November 12, 2007
Be Sure Your Sin Will Find You Out!
by Pastor George Van Alstine
Thatâs one of the scariest memory verses I learned as a kid. It was such a threatening idea that Iâve avoided thinking about it since then. I donât think Iâve ever preached a sermon about it. Who wants to be reminded that you never get away with anything?
I had a memorable experience when I was about twelve. My brother and I had just returned from spending a week in upper New York State with my Aunt Florence, who in her fifties was still rebelling against her churchy upbringing. She had begun the week with the announcement (through puffs of cigarette smoke), âNow youâre going to see how the other half lives.â? She let us hang out in the record store where she worked, listening to the latest popular (âworldlyâ?) music for hours. And toward the end of the week, she took us to the movies. I donât remember what we saw; Iâm sure it was innocent, but it was in a movie theater, and that was bad!
Well, after we came home, my mom asked how our visit was, and we reported about the farm, the cows, the tractorsâall the wholesome stuff. Later that day, Mom asked, âWhat movie did you see?â? I was speechless. Had my aunt told on me? Finally, I asked, âHow did you know?â? My mom answered, âIt all comes out in the wash.â? She let me dangle for a while before she showed me the movie theater ticket stub she had taken from my pants pocket before washing them. She thought it was pretty funny, but I felt very exposed. The memory verse went through my mind: âBe sure your sin will find you out.â?
For a short time, I actually believed I would never be able to keep anything from my mom. Somehow sheâd find out. But I soon learned to be better at concealing my excursions into forbidden territory, and I got away with lots of stuff.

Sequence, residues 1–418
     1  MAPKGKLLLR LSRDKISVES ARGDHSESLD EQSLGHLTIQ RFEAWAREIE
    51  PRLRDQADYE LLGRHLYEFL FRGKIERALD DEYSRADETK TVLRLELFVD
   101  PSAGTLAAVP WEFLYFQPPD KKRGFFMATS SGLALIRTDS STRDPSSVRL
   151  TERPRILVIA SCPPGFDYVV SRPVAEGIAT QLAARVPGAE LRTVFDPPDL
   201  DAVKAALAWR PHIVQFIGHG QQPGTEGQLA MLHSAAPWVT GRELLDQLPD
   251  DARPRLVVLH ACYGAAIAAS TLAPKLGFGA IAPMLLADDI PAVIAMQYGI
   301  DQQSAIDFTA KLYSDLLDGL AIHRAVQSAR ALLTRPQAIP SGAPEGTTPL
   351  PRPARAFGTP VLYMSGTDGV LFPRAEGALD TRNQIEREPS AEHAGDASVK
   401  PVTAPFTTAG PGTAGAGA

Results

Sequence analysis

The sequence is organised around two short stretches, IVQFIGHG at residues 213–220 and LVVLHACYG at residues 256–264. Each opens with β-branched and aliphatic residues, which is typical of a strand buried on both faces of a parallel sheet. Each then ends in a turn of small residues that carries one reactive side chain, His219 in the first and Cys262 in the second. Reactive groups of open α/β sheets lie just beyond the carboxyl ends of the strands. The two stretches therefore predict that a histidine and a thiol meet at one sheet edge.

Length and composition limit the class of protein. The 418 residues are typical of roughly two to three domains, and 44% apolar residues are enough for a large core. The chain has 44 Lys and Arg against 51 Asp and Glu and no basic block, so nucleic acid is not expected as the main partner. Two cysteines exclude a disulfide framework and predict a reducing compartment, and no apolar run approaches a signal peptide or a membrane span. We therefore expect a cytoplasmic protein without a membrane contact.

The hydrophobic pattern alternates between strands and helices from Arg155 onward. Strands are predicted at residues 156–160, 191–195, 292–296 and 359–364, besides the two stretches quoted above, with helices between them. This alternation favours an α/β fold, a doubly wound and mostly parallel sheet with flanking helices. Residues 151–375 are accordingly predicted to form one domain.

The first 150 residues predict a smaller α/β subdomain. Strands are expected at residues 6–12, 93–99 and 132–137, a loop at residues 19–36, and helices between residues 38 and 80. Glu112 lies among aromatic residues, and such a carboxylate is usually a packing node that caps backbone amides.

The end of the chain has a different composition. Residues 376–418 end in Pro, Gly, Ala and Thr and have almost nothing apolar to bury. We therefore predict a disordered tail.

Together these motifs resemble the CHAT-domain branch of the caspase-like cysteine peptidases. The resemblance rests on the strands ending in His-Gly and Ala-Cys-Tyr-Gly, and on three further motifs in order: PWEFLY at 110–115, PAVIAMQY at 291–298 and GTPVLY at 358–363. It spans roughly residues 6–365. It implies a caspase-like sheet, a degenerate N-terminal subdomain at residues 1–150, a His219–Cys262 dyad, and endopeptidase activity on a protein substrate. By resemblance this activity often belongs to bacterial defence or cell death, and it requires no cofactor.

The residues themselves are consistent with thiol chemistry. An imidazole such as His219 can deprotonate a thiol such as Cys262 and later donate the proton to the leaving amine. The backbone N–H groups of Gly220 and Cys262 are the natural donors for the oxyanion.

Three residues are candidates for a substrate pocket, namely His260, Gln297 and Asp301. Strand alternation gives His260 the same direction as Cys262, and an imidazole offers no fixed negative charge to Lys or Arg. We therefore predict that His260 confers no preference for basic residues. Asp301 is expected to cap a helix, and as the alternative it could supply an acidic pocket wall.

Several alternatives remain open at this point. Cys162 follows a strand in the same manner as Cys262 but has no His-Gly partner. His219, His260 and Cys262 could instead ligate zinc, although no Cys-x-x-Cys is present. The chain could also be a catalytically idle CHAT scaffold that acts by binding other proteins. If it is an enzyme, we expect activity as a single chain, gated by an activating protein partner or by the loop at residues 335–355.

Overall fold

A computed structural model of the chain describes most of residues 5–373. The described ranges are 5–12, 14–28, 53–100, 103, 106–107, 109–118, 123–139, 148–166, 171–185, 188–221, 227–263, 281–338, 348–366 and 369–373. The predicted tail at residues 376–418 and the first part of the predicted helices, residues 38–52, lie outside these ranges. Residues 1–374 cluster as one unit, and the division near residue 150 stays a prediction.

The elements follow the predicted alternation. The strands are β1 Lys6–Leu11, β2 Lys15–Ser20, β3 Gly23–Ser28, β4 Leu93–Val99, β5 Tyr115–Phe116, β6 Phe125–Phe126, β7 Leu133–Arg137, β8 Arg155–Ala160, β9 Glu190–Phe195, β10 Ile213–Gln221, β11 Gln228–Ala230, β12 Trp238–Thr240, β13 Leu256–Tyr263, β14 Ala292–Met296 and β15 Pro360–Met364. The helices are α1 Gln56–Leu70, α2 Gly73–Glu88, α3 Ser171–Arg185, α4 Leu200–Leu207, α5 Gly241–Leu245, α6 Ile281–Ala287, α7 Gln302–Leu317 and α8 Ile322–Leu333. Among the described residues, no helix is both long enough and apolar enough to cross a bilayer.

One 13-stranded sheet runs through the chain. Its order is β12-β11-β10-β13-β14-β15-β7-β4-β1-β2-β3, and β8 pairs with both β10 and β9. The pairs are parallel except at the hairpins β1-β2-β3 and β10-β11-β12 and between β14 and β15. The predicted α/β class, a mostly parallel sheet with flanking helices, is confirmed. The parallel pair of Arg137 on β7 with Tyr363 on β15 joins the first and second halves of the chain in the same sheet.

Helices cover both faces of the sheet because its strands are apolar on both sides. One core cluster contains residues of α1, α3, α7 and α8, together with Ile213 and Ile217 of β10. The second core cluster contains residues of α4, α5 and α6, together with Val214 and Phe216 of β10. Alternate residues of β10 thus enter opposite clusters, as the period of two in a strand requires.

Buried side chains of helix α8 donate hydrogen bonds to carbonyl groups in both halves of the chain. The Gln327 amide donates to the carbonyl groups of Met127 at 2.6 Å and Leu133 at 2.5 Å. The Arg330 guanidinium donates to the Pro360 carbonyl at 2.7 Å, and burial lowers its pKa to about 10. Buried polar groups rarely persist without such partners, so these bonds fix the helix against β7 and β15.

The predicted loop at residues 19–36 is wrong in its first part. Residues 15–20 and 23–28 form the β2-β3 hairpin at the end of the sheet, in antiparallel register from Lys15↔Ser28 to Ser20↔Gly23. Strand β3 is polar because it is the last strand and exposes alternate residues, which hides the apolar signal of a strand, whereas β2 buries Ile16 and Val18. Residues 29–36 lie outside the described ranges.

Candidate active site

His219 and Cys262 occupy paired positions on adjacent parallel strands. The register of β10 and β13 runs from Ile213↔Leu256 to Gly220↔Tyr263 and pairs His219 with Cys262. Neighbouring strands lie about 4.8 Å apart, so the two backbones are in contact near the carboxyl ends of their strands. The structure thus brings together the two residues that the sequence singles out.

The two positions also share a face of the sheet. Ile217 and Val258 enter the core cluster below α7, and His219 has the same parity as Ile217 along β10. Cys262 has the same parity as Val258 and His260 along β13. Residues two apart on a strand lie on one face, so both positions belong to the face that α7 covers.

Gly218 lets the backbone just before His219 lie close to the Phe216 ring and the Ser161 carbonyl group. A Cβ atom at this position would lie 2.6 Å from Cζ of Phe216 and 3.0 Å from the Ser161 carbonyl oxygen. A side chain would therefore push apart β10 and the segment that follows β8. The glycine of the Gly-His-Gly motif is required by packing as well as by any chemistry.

Or did I? As I look at this verse now, I see something very important that I missed as an amateur sinner. It wasnât my mom I had to face. I was answerable to God himself. The preceding phrase is important: âYou have sinned against the Lord; be sure your sin will find you out.â? My cleverness could keep my mom in the dark, but she was not the one I was sinning against. God was the offended party. Sooner or later, I was going to have to come to the same conclusion David did in Psalm 51:4ââAgainst you, you alone have I sinned.â?
There is one other interesting thing about the wording of Numbers 32:23. The Hebrew verb translated by âfind outâ? would ordinarily be used when a sinful act is uncovered, brought to light. An investigation would âfind outâ? about the sin. Here the tables are turned: Sin is almost personified (compare Genesis 4:7), and sin is the âoneâ? uncovering the sinner. Instead of my exposing sin, sin is exposing me.
I guess the meaning of this is that my sinful acts expose the kind of person I am, revealing my hypocrisy, self-centeredness and superficiality. So itâs time for me to revisit this scarey verse from my childhood, recognizing that it describes a very important way in which God is helping me to âfind outâ? about my sinful nature and my need for renewal. Hopefully, Iâll respond to his gentle ticket-stub reminders, so he doesnât have to use harsher means.
(I have to add two observations that I want to clarify:
(1) I donât really think those things I did at Aunt Florenceâs were sins. However, since my family defined them that way, they were on my boyhood list of no-nos and therefore moral issues for 12-year-old George.
(2) Real Bible students will notice that this verse was taken out of context in the first place. Youâll see from verses 20-22 that the potential âsinâ? for the Israelites would be their failure to go to war against the Canaanites, which is not an issue you or I face every day. I hope youâll allow me to apply the principle to the kinds of sins we do deal with.)